12/14/2022 12:00:00 AM
CINCINNATI — December 14, 2022 — The Cincinnati Art Museum is pleased to announce the opening of the Anu and Shekhar Mitra Gallery featuring the reinstallation of the museum’s South Asia collections thanks to a generous gift from Cincinnati residents and longtime museum supporters, Anu and Shekhar Mitra. It opens Dec. 14.
The reinstallation project creates a unique opportunity to explore the devotional and courtly arts from greater South Asia through stone and metal sculpture, textiles, paintings and decorative arts. A large wall-hung marble inlay artwork has been commissioned from the Lahore-based Hamra Abbas to explore how contemporary artists are creating works that critically engage with the region’s religious, cultural, political and colonial histories.
Alongside the Mitra gallery, the visitor-favorite Damascus Room will re-open to the public and incorporate new ways of thinking about collecting art from the Islamic world in museum settings.
When the Mitras first considered how to participate in the museum’s A New View campaign—a comprehensive $65 million fundraising effort to support its strategic plan—a special opportunity presented itself: the reinstallation and reinterpretation of the South Asian collections. At the time of the gift, the couple believed that the gallery could delight visitors and share the exceptional story of this region, where a confluence of religions and cultures, spanning centuries, demonstrates rich contributions to art.
“The South Asian gallery presents the confluence of cultures that is South Asia, and which has given rise to rich artistic traditions that traverse centuries, religious lines and cultural beliefs. Our belief is that the Mitra gallery can weave this story in and through its displays so that compassion and understanding become a central unifying theme,” explains Anu Mitra. “For those of us who have lived in or visited India, one immediately knows that the region is composed of multiple ideas, complexities and paradoxes, all coexisting. The gallery creates a conversation between the past, present and future of South Asia.”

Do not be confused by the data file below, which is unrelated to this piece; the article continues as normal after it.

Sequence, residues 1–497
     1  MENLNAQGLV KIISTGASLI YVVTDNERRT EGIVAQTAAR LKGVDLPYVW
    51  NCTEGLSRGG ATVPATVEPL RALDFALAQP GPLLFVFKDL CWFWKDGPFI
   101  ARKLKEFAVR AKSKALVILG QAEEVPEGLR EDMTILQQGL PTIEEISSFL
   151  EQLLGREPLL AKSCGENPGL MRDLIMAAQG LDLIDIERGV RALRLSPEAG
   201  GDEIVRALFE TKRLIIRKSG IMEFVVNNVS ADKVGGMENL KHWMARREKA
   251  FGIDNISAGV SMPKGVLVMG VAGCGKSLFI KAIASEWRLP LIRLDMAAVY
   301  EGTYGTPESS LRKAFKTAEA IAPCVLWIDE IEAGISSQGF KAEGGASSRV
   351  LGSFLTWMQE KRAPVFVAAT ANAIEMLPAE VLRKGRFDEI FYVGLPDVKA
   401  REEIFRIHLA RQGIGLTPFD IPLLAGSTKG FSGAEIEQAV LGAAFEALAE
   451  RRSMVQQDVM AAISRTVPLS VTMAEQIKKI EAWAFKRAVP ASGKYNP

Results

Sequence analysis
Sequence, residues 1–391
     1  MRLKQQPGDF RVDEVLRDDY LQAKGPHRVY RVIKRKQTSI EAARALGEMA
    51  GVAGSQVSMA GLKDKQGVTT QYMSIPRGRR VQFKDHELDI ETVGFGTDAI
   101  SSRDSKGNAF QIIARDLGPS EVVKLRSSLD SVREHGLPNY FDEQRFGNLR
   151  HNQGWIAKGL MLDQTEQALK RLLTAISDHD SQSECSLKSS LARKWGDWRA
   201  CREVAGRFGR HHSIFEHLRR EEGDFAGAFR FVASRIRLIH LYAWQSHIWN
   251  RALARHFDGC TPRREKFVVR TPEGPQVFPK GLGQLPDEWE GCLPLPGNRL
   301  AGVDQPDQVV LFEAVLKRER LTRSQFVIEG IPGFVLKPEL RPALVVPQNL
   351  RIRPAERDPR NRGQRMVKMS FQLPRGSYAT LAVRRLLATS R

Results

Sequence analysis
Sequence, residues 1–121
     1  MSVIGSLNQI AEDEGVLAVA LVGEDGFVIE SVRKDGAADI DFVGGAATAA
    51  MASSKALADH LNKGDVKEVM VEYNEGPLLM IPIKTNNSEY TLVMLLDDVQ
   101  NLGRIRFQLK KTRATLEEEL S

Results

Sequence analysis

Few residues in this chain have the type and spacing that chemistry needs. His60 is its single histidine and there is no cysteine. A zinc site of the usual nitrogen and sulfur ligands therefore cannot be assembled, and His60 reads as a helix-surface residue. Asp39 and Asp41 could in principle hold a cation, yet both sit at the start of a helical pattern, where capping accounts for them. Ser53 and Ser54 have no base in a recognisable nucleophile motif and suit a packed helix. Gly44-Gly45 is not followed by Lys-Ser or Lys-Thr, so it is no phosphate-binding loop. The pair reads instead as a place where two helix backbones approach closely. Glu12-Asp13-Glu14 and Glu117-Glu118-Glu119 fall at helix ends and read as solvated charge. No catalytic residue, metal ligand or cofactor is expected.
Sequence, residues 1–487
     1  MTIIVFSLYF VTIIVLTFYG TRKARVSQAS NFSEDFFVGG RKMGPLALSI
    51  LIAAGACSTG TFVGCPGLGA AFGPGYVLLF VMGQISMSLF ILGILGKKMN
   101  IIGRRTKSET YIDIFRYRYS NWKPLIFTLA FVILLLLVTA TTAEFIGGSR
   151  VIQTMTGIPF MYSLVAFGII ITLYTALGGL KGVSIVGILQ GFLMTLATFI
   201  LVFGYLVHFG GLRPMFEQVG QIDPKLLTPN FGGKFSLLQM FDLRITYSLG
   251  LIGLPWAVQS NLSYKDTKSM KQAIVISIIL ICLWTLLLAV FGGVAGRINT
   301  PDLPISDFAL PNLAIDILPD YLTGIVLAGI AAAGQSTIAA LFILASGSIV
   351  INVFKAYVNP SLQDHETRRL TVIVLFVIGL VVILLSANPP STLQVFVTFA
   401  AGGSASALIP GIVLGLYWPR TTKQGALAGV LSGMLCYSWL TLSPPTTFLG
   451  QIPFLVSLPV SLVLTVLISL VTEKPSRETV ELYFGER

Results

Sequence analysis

Funds raised through the A New View campaign support three priority investment areas for the museum: enhancing visitor experience and scholarship, expanding community impact and outreach and growing organizational capacity. The Mitras’ generous gift, that allowed the museum to reinstall and reinterpret these galleries, supports the enhancing-visitor-experience-and-scholarship objective.
South Asia (often defined as modern India, Pakistan, Bangladesh, Bhutan, Nepal and Sri Lanka) is home to numerous languages, religions and cultural traditions. This plurality has produced—and continues to produce—an incredible array of art, architecture, literature, music and performing arts. While many of the objects on view at the museum relate to the geographical area encompassed by present-day India, most were made before the modern formation of that country.
The centuries of artistic expression across South Asia represented in the Mitra gallery speak to a shared cultural world and the distinct creative practices of individual places. Many of the exhibited objects played a role in religious devotion, while others were created by and for royal courts and other elite groups. There is seldom a clear distinction between art made for spiritual or secular life—many objects convey religious meaning inseparably from their significance in political and social life.
The Cincinnati Art Museum is supported by the generosity of individuals and businesses that give annually to ArtsWave. The Ohio Arts Council helps fund the Cincinnati Art Museum with state tax dollars to encourage economic growth, educational excellence and cultural enrichment for all Ohioans. The Cincinnati Art Museum gratefully acknowledges operating support from the City of Cincinnati, as well as our members.
Free general admission to the Cincinnati Art Museum is made possible by a gift from the Rosenthal Family Foundation. Special exhibition pricing may vary. Parking at the Cincinnati Art Museum is free. cincinnatiartmusem.org
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